Atrial fibrillation usually is initiated by ectopic activity within the proximal pulmonary veins. Catheter-based techniques, in which access to the left atrium occurs via a transseptal puncture of the interatrial septum, are able to deliver radiofrequency current (or cryotherapy) to the sites that have been identified by mapping techniques as responsible for AF, electrically isolating them from the remainder of the atria. The usual success rate in achieving sinus rhythm at 1 year with two or three attempts is 75% to 85%—a marked improvement compared to medical therapy, which affords about 20% success.

Anatomic features are not adequate to identify the site responsible for AF.

Conventionally, real-time retrograde injection of contrast dye into the left atrium has been used during the procedure to visually guide catheter placement. However, opacification of the right inferior pulmonary vein is difficult to achieve by reflux venography. Other modalities such as intracardiac echocardiography and TEE are less robust than reflux venography, which is less robust than CCT in detecting normal and variant anatomy (e.g., supernumerary and common ostia and branch variation) ( Table 22-4 ).

TABLE 22-4

Detection of All Pulmonary Ostia by Imaging Modality

Cardiac CT 98
ICE 93
TEE 81
Reflux venography 71

ICE, intracardiac echocardiography; TEE, transesophageal echocardiography.

From Wood MA, Wittkamp M, Henry D, et al. A comparison of pulmonary vein ostial anatomy by computerized tomography, echocardiography, and venography in patients with atrial fibrillation having radiofrequency catheter ablation. Am J Cardiol . 2004;93(1):49-53.

Variations in pulmonary venous anatomy are fairly common. The most common variant is a separate right middle pulmonary vein. Pulmonary venous variants include:

  • Three to five right-sided ostia (28%)

  • One or two separate middle lobe pulmonary venous ostia (26%)

  • A single right ostium on the right side (2%)

  • A single left-sided ostium (14%)

  • A right superior supranumerary pulmonary vein (2.2%), which passes behind the bronchus intermedius and drains mainly the posterior segment of the right upper lobe, but also receives a few subsegmental branches from the superior segment of the right lower lobe (mean diameter: 5.1 mm)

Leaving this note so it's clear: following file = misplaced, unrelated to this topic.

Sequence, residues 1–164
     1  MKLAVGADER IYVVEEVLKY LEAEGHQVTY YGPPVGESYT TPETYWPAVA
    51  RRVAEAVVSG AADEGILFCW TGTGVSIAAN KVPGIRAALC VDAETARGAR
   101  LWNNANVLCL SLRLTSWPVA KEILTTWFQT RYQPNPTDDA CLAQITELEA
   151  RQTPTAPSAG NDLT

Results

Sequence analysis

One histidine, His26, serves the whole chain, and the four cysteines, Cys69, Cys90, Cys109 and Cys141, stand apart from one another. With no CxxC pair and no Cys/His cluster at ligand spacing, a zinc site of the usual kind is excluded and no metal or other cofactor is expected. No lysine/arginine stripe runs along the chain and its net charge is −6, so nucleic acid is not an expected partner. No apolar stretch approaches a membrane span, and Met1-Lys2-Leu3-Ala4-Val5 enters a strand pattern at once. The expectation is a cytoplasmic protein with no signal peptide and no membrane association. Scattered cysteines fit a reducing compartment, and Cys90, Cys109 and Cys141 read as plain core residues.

Anomalous Variants

  • Right pulmonary vein to the superior vena cava

  • Right pulmonary vein to the right atrium

  • Right pulmonary vein to the inferior vena cava or a hepatic vein (i.e., scimitar syndrome)

  • Left pulmonary vein to the innominate vein (i.e., vertical vein)

Factors Affecting Pulmonary Venous Size

The size (diameter) of pulmonary veins depends on:

  • Volume status

  • Respiratory phase (inspiration decreases pulmonary venous return and size). Expiratory phase images provide a better match to MRI depiction of pulmonary veins.

  • The phase of the cardiac cycle (by 25%–45%):

    • Maximal size of pulmonary veins: 35%

    • Minimal size of pulmonary veins: 85%

The use of image guidance during pulmonary venous isolation/ablation procedures reduces fluoroscopy times and increases success.

CCT has become the principal noninvasive diagnostic test to depict venous anatomy of the heart for the following reasons:

  • Especially when compared with TEE, intracardiac echocardiography, and reflex venography, it is less operator dependent.

  • Unlike cardiac MR (CMR), it can be performed on patients with pacemakers and implantable cardioverter defibrillators.

  • Its results are reproducible.

  • It can depict the thickness of the wall of the pulmonary veins.

  • It can characterize the lung parenchyma for complications such as pulmonary edema and infarction.

  • It can image the mediastinum both before and after ablation. This can assist in visualizing the relation of the esophagus to the left atrium and in detecting the presence of large intrathoracic hiatus hernias.

CCT can offer several forms of depiction of pulmonary venous and left atrial anatomy that may be useful to interventional electrophysiologists before they undertake catheter-based ablation procedures and to interventional cardiologists:

  • Three-dimensional (3D) reconstruction of surface views depicting the coronary venous structures on the myocardium